For some young people or juveniles, the police are intimidating. This intimidation might cause them to back away from an officer or flee the scene if the officer is making any form of threat, such as an arrest. This action could be misconstrued as resisting arrest.

If the officers do not communicate clearly to the juvenile, they may not be aware of what action is attempting to happen. They may not understand the officer is trying to arrest them. Not understanding the situation may result in them acting defensively, which in turn is misunderstood as resisting arrest. Some juveniles think that because they are under 18 years old, they cannot be arrested or can outrun police officers.

Judges can be understanding of juvenile’s emotional states, but you will want them to have the representation of an experienced attorney to help them through these charges. Even the most understanding judge still has the power to send your young child to a juvenile detention facility, and you want to protect them against such punishment.

Penalties for Resisting Arrest in New Jersey

This is a summary of statutes regarding New Jersey’s resisting arrest laws:

  • Resisting arrest with no flight– This charge would be considered a disorderly person offense as you are charged with attempting to prevent a police officer from effectively perform your arrest. It is punishable with up to six months in jail.
  • Resisting arrest with a flight- This charge would be considered a fourth-degree crime as you are accused of attempting to prevent an officer from arresting you by fleeing the scene. If convicted, this charge would lead to eighteen-month incarceration.
  • Eluding an officer-
    • Third- degree crime– The charge is considered a third-degree crime as you have used physical force against the officer during an arrest, or you have threatened some form of violence against them. It will also be charged if you are in a vehicle and attempt to flee when requested to stop your car. If convicted of this charge, you would face up to five years in prison.
    • Second-degree crime- If you created a risk of death or injury to others during the flight to elude or resist arrest, it would be charged as a second-degree crime. If convicted of this charge, you would face up ten years in prison. Your driver’s license will also be suspended from six months to two years.

Defense Against Resisting Arrest Charges in New Jersey

Your best defense against resisting arrest charges in New Jersey include having experienced legal representation. Howard Lesnik, Esq. is ready to protect your rights and future with the compassion you deserve during this difficult time.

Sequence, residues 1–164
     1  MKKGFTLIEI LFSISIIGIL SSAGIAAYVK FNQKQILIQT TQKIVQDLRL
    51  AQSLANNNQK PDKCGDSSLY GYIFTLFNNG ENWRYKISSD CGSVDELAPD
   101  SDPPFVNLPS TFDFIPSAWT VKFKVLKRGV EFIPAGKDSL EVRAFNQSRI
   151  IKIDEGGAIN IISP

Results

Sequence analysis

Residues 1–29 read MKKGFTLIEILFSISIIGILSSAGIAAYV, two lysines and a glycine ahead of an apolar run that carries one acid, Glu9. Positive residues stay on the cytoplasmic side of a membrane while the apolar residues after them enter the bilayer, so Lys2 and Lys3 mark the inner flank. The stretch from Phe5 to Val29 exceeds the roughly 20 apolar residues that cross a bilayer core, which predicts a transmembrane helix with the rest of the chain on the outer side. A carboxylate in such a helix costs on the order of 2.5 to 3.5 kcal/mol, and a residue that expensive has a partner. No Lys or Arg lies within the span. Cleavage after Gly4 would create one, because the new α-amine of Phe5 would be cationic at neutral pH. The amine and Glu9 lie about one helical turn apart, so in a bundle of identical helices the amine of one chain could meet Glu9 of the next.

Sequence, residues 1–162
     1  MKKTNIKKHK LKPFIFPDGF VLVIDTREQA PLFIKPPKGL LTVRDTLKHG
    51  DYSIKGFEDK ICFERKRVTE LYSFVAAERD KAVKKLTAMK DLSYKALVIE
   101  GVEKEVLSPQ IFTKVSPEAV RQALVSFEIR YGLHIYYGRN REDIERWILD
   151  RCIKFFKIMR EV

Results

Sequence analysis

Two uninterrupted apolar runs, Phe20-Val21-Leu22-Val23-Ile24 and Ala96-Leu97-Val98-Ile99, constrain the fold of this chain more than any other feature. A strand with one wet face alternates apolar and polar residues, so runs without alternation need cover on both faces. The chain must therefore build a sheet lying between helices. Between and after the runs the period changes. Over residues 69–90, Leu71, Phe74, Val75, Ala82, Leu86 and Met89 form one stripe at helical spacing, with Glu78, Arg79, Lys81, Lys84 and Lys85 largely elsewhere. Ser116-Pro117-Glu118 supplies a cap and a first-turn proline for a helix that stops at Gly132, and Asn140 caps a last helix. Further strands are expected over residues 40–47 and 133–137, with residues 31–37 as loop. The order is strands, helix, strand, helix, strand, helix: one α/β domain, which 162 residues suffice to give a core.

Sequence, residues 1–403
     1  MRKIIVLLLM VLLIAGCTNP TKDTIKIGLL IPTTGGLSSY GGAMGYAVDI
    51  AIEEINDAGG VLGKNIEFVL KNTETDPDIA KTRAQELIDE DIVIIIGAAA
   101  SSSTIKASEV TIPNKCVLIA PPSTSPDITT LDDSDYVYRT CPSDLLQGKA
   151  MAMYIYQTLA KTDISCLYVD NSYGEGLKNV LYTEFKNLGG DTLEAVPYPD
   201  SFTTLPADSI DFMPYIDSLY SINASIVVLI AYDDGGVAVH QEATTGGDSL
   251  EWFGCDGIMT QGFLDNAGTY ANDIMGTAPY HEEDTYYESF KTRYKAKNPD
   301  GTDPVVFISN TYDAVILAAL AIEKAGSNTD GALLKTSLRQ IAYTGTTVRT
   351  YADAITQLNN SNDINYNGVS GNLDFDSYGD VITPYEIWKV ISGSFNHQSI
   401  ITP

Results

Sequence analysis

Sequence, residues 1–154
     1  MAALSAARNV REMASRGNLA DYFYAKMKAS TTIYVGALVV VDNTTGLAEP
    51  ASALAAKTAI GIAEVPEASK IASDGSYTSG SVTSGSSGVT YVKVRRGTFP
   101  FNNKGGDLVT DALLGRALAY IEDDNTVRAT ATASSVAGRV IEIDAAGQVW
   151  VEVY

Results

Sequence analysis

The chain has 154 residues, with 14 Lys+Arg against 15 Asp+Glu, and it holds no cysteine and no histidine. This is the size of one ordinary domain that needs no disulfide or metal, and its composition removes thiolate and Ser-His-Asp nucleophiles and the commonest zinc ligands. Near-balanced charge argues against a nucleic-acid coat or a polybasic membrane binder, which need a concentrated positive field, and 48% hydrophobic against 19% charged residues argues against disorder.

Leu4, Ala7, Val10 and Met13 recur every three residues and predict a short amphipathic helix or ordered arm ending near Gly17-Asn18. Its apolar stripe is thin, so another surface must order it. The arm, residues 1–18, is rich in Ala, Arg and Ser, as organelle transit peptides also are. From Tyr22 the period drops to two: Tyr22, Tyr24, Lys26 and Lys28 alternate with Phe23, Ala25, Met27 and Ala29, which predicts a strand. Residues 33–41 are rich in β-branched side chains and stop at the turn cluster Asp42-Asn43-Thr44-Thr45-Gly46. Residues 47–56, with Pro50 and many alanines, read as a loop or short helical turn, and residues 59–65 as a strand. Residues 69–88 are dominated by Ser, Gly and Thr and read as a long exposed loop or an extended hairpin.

The prosecution will bear the burden of proving a case of resisting arrest against you. This burden includes establishing the case beyond a reasonable doubt. A typical defense strategy against this charge will consist of arguing the prosecution did not meet this burden. An experienced defense attorney can successfully argue that the police did not have the legal authority to attempt to arrest you in the first place.

The prosecution is going to have to prove you were attempting to prevent the arrest. If you were uncomfortable at the time or were scared, it could mean your actions were not intentional to avoid the arrest but were due to physical discomfort or fear. This fear or pain could result from the officer not acting appropriately, which will give you a valid defense against this charge.

You want strong legal representation to build a strong defense strategy. Howard Lesnik, Esq. understands your priorities and is ready to help you develop a legal strategy to fight these charges and ensure your rights and future are protected.

Contact Howard P. Lesnik, Esq. Immediately

I am a New Jersey criminal trial attorney board certified by the NJ Supreme Court. New Jersey’s resisting arrest laws are extremely complex. Anyone who is charged with a SERIOUS court case needs to have an experienced criminal defense attorney. If you are a family member were issued a criminal charge for resisting arrest in New Jersey, contact me immediately so I can review your case and the evidence against you and advise you as to all possible defenses to make sure that you are properly represented. In many cases and circumstances a successful defense can lead to a downgrade or even the dismissal of the charges against you. Please contact me now by email, by phoning 908.264.7701, or by completing the form to the right to schedule your complimentary 30-minute strategy session.